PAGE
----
What is the Community Apiary?
Cranberry Highlands’ Community Apiary is designed to be a community resource for education about pollination and beekeeping. A part of the golf course’s Audubon Sanctuary certification program, the pollinator garden provides a bee-friendly habitat adjacent to the municipal golf course for honey beehive placement and instruction. Honey bees are essential to our global ecosystem as they work hard to pollinate farm crops and other plants that bring us a third of the foods we eat. The Community Apiary is a joint project of Cranberry Township – which owns the facility – together with Cranberry Highlands, the Cranberry Township Community Chest, and Burgh Bees. We welcome your interest and involvement.
Community Beekeeping is welcome!
If you are currently a beekeeper and looking for a place to house your hives Cranberry Highlands Community Apiary is accepting applications. Please complete the Waiver of Liability and Lease and ByLaws forms and submit to: Mason.Miller@cranberrytownship.org; or mail to Mason Miller, Cranberry Township Public Works, 20729 Rt. 19, Cranberry Township, PA 16066. If you are interested in beekeeping, we encourage you to contact us to find out how you can become involved.
Importance of Pollinators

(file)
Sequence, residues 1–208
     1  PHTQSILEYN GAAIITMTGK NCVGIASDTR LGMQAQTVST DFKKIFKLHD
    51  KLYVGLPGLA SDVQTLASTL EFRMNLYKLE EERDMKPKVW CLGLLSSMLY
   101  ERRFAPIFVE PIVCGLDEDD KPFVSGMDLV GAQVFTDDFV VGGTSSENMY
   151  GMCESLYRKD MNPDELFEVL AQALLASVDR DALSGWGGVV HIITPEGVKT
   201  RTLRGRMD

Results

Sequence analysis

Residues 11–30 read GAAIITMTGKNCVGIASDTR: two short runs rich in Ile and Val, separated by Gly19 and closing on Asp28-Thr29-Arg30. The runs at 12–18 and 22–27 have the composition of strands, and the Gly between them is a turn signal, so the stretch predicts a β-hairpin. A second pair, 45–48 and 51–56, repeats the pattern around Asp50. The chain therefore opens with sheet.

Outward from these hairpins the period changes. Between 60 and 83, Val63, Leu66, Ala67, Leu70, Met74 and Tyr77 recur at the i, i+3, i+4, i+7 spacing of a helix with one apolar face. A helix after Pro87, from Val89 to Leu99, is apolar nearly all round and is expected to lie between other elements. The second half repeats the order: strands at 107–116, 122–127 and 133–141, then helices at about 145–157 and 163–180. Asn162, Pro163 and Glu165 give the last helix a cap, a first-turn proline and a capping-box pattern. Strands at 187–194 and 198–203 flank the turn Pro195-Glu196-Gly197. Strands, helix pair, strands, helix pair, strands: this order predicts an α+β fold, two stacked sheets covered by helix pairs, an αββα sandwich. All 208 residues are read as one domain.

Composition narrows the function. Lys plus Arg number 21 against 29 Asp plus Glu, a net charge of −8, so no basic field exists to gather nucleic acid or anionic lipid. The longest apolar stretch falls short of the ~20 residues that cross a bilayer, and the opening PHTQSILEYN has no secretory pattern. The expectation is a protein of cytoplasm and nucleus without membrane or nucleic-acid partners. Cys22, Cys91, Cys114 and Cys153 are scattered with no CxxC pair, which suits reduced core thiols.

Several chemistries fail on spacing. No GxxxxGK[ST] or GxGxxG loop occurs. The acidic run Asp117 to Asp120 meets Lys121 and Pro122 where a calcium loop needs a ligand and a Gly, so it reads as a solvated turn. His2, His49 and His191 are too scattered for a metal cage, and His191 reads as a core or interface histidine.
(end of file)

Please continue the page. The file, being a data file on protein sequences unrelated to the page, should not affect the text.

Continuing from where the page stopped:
Pollinating species are crucial to sustain a healthy ecosystem. Their symbiotic relationship with flowing plant species allows for the reproduction and distribution of a wide range of plants while providing a host of resources for the pollinators themselves. Through the indirect action of the pollination process food and shelter are created for an abundance of living organisms. Humans are particularly dependent upon pollinators to fuel our agricultural system. It is estimated that 90% of the worlds wild plants are fertilized by pollinators. One in three bites of food that we consume are in some way related to pollinating species.
What You Can do to Promote Pollinators
Pollinators have been declining due to disease, parasites, climate change, habitat loss, and chemical pollution. If you would like to contribute to the health of pollinating species, you can participate by taking the following steps:
- Plant flowering species Pennsylvania native flowering species are the most familiar to our local pollinators, but any flowering plant will help the cause. Learn more about plants native to Pennsylvania Opens a New Window.
- Let the plants go By retaining the dead stems on your garden plants you are providing a city for pollinating insects to take shelter in the cold winter months.
- Go easy on the chemicals Herbicides, pesticides, and fungicides are extremely detrimental to pollinating insects. Their effects on pollinators are magnified because of the frequency of their exposure and the toxicity level in relation to their small body sizes.
- Hang a hummingbird feeder Not only are you providing a food source, but you get to witness one of the most magical looking birds on our earth.